Natural resources minister Carl Sargeant has said he wants to see better prices for higher quality recycled material following the publication of statutory guidance on separate collections in Wales.
Under EU law coming into effect on 1 January 2015, waste firms and local authorities will be required to collect waste paper, metal, plastic and glass separately unless a commingled collection can be demonstrated to be as effective.
Commingled collections will also be allowed if source segregation isn’t technically, environmentally or economically practicable (TEEP).
The Welsh Government’s ‘Statutory guidance on the separate collection of waste paper, metal, plastic and glass’ said commingling dry recyclates such as metal and plastic “may be possible” using available separation technology.
In contrast, it warned mixing wet waste streams, like biowaste, with dry streams such as paper would be unlikely to produce recyclate of sufficient quality.
Source: Welsh Assembly Government
Sargeant, left, said: “I want it to be as simple as possible for everyone in Wales to recycle the four materials to a high quality, so we can continue to improve our recycling rates and continue to lead the way with the highest recycling rates in the UK.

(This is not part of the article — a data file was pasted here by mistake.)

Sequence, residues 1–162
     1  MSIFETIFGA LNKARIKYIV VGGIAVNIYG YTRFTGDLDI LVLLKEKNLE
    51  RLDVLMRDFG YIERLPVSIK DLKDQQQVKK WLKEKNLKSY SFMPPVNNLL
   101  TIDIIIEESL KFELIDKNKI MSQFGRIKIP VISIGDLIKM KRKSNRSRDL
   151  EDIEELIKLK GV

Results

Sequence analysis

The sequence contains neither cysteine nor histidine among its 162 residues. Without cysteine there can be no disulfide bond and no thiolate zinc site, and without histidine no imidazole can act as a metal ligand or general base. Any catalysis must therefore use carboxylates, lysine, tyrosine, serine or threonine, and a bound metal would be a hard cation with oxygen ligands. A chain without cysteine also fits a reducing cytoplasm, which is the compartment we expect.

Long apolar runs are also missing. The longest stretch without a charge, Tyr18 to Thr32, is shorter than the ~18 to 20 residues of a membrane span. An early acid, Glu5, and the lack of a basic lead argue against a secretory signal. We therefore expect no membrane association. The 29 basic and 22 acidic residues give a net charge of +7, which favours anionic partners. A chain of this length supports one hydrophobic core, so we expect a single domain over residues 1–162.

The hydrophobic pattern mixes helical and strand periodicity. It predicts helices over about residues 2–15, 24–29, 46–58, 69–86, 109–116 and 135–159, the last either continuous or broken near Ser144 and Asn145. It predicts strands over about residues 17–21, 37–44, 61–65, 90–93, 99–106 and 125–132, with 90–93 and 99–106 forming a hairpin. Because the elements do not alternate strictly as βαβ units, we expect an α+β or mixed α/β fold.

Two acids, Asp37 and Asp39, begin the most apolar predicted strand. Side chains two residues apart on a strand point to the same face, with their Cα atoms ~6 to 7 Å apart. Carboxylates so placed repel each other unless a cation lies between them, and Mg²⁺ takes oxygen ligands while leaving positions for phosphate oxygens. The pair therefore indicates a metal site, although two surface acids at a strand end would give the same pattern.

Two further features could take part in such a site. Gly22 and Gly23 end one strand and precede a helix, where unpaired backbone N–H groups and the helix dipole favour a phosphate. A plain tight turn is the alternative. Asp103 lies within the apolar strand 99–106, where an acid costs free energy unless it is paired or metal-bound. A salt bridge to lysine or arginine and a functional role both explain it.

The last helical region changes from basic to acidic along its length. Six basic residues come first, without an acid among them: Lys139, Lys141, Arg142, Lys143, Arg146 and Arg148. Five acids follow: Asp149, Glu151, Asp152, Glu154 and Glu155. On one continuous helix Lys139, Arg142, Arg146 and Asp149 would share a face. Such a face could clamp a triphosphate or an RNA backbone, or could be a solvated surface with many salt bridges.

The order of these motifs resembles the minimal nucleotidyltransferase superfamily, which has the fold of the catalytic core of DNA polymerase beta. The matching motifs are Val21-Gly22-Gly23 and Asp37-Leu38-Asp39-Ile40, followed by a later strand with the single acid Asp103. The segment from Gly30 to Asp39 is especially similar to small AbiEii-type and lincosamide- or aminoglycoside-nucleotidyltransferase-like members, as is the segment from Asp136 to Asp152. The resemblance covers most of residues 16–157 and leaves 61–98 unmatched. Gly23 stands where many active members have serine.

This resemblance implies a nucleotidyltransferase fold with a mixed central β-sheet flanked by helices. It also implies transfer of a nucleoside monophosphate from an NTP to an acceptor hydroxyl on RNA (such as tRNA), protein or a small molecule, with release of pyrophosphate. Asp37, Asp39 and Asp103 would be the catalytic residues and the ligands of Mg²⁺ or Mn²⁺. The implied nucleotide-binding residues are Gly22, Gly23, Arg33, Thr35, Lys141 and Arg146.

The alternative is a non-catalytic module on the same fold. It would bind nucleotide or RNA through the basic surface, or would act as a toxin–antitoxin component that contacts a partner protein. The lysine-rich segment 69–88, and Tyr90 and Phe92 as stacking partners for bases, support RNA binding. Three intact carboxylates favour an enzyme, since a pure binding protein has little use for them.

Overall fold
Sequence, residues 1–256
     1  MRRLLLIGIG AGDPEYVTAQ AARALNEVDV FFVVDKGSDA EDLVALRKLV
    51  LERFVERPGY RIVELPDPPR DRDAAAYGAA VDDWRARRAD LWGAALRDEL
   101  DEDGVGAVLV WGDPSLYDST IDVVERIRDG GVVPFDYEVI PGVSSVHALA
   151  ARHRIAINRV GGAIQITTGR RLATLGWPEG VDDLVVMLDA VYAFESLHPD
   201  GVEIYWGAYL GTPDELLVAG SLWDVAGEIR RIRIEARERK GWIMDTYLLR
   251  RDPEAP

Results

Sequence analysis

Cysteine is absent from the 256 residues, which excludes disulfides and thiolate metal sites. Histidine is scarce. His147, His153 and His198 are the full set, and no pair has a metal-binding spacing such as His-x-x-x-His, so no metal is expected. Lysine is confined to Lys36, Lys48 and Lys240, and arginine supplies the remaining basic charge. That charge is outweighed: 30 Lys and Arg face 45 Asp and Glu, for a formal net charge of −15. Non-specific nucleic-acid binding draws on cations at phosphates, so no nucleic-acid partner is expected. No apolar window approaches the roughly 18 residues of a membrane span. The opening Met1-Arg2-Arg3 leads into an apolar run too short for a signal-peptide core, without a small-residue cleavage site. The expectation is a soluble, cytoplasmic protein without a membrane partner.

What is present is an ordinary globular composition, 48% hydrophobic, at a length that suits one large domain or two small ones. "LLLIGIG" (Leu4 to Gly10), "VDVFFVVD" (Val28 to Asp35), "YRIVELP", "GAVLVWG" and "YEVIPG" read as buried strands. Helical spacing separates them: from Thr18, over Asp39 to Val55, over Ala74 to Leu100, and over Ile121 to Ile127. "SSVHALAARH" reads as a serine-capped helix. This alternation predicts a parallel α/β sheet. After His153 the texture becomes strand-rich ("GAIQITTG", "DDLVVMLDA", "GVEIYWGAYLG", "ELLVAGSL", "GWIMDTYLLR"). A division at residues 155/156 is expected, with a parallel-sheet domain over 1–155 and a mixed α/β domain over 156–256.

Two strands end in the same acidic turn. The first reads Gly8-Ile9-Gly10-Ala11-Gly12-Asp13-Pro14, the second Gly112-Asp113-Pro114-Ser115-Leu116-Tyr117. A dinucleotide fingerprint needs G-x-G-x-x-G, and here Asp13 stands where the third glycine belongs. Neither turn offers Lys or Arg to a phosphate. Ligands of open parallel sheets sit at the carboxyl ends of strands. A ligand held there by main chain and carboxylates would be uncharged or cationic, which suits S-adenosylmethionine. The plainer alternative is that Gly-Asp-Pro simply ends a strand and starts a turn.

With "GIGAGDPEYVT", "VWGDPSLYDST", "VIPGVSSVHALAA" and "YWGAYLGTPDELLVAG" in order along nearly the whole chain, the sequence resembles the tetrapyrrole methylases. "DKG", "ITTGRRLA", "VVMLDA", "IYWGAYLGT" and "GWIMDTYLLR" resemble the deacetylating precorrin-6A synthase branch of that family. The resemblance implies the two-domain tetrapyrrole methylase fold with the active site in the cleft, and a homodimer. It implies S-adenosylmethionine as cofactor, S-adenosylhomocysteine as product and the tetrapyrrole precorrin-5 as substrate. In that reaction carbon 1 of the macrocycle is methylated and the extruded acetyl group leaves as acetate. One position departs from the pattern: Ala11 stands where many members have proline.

“This guidance aims to support organisations that collect materials for recycling by focusing on high-quality materials, because these will obtain a better price on the market.
“Growing Wales’ market for recycled materials can only benefit Welsh companies. This is why our overarching strategy, Towards Zero Waste, lays out a policy of separate collection for recyclable waste.”
The Environment Agency has yet to issue advice on separate collections in England and how it will enforce the EU rules, after announcing in September it was meeting with industry representatives to finalise proposals.